There is quite a debate that follows barbecue enthusiasts everywhere to do with the question of the fat on a piece of beef. The question of where you stand on how much fat is right has a lot to say about how your beef comes out tasting in the end. Of course, you can trim off a little extra fat if you want to, but other than that, the more fat you leave on the meat the better. The fat will melt in the heat. What it will leave behind is a lipsmacking flavor that there is no getting over. The only case where fat can be a problem is when someone needs their steak done rare. In all other cases, the fat can just melt away and leave only flavor behind.
Learning how to grill isn’t just about buying the right cut of steak and leaving it on the grill though. You have seen all the spices and seasonings that they line up on the store shelves, haven’t you? Finding the best seasonings to rub into your steak can bring out a delicious flavor. If you are using cuts of beef that aren’t as tender as you would like them, you could tenderize them using marinade. Cooking steak means working with very high heat, usually. If you want a well-done steak though, you’ll have to start with low heat. These are directions you can use to throw a real party. Make sure that you start all your steaks at the same time so that the convivial atmosphere isn’t compromised on.
Other Pork Cooking Ideas….
We can’t control the cost of food, so you smart cooks have to be innovative in order to serve nutritious and delicious food, despite reduced buying power. When buying meats, it looks like you’ve got to reinspect those per pound prices. You can’t have chicken every night! Fortunately, pork is a versatile meat which hasn’t gotten entirely out of hand. The pork industry promotes this meat as ‘the other white meat’, to advertise the fact that pork these days is very lean. Here are some ideas for pork recipes that are both easy and inexpensive, with some that are also elegant entrees fit for the gourmet table.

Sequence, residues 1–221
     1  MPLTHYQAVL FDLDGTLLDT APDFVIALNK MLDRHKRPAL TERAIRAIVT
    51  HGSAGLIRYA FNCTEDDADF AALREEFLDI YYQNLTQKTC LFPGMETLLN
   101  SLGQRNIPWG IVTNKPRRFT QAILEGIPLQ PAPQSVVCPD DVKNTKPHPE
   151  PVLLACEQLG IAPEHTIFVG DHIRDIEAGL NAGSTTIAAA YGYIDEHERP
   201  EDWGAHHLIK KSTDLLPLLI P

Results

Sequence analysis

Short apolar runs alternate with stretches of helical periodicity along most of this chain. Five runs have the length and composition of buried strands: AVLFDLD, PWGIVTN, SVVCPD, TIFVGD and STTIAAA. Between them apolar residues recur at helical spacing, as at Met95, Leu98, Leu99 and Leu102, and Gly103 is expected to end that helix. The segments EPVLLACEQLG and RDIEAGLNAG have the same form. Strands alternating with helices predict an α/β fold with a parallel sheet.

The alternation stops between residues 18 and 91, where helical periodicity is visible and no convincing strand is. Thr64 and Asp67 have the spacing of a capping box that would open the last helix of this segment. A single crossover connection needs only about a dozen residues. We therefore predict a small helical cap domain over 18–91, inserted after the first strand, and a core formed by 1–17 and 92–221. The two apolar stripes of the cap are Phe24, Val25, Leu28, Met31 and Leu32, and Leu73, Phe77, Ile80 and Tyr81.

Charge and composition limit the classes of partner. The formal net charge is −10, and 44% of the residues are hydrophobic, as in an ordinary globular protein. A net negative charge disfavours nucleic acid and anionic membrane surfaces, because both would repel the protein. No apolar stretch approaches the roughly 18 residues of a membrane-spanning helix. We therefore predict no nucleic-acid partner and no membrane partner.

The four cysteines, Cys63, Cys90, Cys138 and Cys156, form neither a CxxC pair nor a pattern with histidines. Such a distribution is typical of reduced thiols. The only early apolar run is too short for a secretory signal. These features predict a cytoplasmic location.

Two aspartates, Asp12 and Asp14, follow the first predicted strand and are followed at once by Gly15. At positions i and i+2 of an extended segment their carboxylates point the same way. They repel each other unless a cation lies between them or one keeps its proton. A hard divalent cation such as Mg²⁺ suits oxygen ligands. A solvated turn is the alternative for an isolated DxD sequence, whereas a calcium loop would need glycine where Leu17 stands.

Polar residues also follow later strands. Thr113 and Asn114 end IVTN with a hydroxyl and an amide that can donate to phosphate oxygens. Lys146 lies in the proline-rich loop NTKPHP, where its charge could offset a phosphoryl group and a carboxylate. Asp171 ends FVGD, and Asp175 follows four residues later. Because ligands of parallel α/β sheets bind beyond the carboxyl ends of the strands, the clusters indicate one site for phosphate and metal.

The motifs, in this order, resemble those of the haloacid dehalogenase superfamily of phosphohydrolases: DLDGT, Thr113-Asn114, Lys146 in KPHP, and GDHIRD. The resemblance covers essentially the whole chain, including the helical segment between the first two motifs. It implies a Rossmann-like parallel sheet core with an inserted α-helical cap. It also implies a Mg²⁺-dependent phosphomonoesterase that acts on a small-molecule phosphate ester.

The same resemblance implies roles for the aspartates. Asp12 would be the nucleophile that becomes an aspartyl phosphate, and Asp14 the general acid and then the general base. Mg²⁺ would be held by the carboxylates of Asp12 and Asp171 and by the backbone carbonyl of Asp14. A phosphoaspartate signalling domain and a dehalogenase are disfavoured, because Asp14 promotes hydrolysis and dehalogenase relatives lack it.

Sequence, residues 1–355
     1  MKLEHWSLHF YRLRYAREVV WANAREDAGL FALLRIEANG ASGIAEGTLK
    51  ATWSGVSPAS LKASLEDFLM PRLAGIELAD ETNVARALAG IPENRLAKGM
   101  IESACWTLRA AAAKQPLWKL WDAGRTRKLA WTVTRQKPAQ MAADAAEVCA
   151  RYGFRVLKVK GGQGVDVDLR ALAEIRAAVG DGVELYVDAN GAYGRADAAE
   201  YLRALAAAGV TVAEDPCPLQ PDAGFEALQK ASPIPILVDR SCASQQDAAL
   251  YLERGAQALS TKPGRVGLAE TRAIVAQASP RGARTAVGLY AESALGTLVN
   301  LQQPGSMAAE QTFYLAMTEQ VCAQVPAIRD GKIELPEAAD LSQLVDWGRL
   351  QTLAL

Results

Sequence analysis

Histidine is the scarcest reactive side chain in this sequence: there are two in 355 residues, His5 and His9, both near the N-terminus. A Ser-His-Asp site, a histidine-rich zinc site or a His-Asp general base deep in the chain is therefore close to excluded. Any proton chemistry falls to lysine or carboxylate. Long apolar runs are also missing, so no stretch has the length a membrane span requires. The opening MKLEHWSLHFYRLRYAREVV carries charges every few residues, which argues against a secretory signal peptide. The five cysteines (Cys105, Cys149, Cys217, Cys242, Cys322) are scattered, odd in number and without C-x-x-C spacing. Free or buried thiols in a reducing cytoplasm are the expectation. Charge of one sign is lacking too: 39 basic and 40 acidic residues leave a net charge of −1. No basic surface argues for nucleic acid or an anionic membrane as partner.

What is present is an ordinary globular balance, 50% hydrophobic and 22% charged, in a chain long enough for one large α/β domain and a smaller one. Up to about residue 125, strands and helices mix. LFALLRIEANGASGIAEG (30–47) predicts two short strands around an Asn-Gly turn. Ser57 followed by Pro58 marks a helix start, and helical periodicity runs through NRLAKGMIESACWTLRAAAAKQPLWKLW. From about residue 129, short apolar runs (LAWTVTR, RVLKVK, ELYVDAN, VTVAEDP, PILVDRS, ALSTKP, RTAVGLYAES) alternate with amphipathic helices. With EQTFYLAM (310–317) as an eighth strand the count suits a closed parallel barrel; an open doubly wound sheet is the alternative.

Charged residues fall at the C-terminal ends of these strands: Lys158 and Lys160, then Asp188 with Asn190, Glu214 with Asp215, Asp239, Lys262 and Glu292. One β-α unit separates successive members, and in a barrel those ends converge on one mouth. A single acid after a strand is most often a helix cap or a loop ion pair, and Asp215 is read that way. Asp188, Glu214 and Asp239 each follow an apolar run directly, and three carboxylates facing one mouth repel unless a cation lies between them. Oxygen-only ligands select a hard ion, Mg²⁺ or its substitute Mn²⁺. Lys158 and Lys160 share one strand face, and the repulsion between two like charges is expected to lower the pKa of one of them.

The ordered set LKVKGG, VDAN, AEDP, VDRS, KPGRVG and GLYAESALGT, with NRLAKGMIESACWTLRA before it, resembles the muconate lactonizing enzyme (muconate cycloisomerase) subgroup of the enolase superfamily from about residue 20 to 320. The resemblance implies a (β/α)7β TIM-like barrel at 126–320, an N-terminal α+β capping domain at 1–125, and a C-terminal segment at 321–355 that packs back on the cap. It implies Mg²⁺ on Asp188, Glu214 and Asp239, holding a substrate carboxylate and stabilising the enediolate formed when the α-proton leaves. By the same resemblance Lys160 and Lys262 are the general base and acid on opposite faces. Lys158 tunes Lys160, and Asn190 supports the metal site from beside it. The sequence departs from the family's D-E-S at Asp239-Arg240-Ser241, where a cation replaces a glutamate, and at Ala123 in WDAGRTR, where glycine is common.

You’ve probably noticed that the supermarkets occasionally run sales on whole pork loin fillets. While they’re at least several pounds, it’s a good buy when you consider how many and diverse family meals you can get out of a $20-25 bulk purchase.
Decide which dishes you’ll be making and divide the meat in portions according to the menu item. For example, if you want three pork loin roasts, cut the meat into pieces of sufficient size for a family meal, then mark and freeze.
Wienerschnitzel is a wonderful German pork recipe, consisting of a 1-inch pork loin chop, flattened to paper-thinness with a kitchen mallet, breaded and fried briefly, just until the edges are crispy. Some people like to dip the flattened chop in milk and then breading. For this dish, cut as many 1-inch chops as you need, lay them between sheets of wax paper in a freezer bag and freeze. Flatten only after defrosting. The traditional dish is usually served with applesauce, but it’s also excellent drizzled with lemon juice and punctured with a fork before eating.
Another excellent pork recipe uses thicker pork loin chops about one and a half inches thick. Broiling gives you a nice, slightly crusty outside which makes a nice contrast to the juicy inside of the chop. While the chops are cooking, make a simple white sauce, seasoned with sage. Pork and sage are good friends in the culinary world.
There’s nothing more tender than a pork loin roast cooked in a slow cooker. You hardly need teeth to eat this succulent and flavorful meat! You can rub the meat with a lemon pepper marinade, a ‘Porketta’ Italian style rub mix or sprinkle with sage and parsley. If you wish, you can make gravy from the drippings.